The primary image 28 shows an arbitrarily red-coloured architecture, defining very specific spatial areas. These areas correspond to the fluorescence signals emitted by the second fluorophore called DiA and which is able to be excited by a laser beam at 488 nm. This fluorophore has an very strong affinity with the lipids (fatty acids) contained in the cell membranes of the cells. The visible areas on the images therefore correspond to the visible membranes in the image field. According to the invention, the two primary images are then superimposed in order to form a final image 29 showing, in
In the same way, in
Advantageously, the fluorescence image acquisition paths are coupled to a spectral path. The spectrometer 22 in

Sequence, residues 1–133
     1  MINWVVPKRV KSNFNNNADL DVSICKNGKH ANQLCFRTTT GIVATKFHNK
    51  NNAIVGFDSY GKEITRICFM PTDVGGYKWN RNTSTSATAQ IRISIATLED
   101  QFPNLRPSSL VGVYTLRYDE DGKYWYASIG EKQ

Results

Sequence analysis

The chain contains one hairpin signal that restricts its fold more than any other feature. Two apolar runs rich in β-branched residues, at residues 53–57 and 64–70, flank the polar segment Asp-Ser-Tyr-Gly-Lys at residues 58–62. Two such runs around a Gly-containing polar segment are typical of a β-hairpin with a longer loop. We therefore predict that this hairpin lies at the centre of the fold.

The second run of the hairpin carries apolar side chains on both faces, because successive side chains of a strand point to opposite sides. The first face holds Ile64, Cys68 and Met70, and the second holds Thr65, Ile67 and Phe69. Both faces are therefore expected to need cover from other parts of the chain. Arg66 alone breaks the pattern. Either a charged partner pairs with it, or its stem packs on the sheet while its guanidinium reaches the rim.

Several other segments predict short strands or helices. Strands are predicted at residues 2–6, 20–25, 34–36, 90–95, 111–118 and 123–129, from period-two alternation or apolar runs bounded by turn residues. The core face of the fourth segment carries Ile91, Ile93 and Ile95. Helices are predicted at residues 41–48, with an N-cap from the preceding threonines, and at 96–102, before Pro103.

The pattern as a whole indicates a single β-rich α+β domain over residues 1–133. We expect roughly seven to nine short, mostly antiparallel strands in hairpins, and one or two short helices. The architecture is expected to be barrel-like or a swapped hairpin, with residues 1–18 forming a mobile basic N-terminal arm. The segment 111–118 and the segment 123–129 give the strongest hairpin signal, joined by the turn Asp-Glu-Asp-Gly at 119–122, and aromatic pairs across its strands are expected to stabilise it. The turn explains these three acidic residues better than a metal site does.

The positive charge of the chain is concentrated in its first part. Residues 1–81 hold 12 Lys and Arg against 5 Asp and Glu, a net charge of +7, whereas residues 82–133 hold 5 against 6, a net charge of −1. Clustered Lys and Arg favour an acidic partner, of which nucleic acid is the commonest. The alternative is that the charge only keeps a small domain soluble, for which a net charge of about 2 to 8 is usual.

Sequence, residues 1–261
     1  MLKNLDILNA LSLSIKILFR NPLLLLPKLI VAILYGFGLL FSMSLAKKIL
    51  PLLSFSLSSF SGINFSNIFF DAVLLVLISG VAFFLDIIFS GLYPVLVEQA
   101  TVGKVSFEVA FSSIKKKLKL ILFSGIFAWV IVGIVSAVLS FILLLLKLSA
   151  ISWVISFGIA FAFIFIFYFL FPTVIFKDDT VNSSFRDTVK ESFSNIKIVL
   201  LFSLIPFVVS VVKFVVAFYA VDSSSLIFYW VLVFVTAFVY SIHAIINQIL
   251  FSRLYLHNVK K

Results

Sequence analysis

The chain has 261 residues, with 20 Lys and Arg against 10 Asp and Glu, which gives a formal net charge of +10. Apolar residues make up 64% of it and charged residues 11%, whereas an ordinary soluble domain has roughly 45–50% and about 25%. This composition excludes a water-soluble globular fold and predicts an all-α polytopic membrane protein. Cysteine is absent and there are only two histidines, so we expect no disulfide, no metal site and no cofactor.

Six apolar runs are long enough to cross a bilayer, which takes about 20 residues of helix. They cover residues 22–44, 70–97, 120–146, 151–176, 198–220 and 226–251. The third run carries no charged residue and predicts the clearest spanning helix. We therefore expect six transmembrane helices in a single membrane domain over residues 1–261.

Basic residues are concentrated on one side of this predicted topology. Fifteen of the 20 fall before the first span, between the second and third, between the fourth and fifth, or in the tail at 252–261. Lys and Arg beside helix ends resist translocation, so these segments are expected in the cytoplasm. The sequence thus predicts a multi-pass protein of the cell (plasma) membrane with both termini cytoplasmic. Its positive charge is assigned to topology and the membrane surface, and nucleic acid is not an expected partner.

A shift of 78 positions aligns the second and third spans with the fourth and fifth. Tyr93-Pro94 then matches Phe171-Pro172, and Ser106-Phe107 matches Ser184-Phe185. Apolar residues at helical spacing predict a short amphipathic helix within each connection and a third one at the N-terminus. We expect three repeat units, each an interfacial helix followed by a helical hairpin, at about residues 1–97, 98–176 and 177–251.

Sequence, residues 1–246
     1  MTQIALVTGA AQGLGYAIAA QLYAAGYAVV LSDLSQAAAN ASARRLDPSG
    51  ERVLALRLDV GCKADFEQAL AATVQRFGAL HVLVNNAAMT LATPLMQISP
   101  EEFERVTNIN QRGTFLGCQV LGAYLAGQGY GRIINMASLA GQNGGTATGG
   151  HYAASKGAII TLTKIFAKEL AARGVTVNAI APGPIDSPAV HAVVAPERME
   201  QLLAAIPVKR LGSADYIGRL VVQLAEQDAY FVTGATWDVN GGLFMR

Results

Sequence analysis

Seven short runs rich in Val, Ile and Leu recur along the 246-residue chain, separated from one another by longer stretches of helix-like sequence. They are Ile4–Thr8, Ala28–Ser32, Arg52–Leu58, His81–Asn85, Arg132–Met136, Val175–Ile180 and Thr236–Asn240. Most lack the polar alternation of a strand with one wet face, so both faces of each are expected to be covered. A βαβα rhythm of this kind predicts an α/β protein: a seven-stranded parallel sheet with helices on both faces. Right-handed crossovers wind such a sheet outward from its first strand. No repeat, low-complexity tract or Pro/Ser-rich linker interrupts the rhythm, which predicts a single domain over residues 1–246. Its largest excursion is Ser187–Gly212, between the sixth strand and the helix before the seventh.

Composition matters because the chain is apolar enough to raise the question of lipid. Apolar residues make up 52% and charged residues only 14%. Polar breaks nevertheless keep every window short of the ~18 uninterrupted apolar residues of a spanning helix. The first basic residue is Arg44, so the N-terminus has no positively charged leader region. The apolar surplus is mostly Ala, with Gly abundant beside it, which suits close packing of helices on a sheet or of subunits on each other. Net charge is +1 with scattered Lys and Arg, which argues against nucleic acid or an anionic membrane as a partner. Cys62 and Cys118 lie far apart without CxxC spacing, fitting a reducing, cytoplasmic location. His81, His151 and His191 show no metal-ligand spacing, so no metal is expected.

The temporal and spectral monitoring of a fluorescence signal can provide very important information on the functional biochemical activity of a biological tissue. In fact, the fluorophores used to produce the fluorescence image or images are very sensitive to their close environment (in particular “intelligent” fluorophores can be chosen which react in particular to changes in their immediate environment or which interact specifically with very specific molecular species). The level of their fluorescence (intensity) and the form of their fluorescence (spectrum) vary as a function of the changes which occur in the surrounding environment. The study over time of the intensity and the spectrum of the fluorescence therefore provides information on the dynamics of the biological environment. In this case, monitoring the action of a medication or monitoring the metabolic activity or monitoring the action of an external stress (change of pH, temperature, enzyme activity, etc.) can be recorded thanks to the spectral and temporal analysis of the fluorescence. The advantage of such a coupling resides in particular at the level of the more detailed analysis of the fluorescence. Several cases of analysis can be envisaged: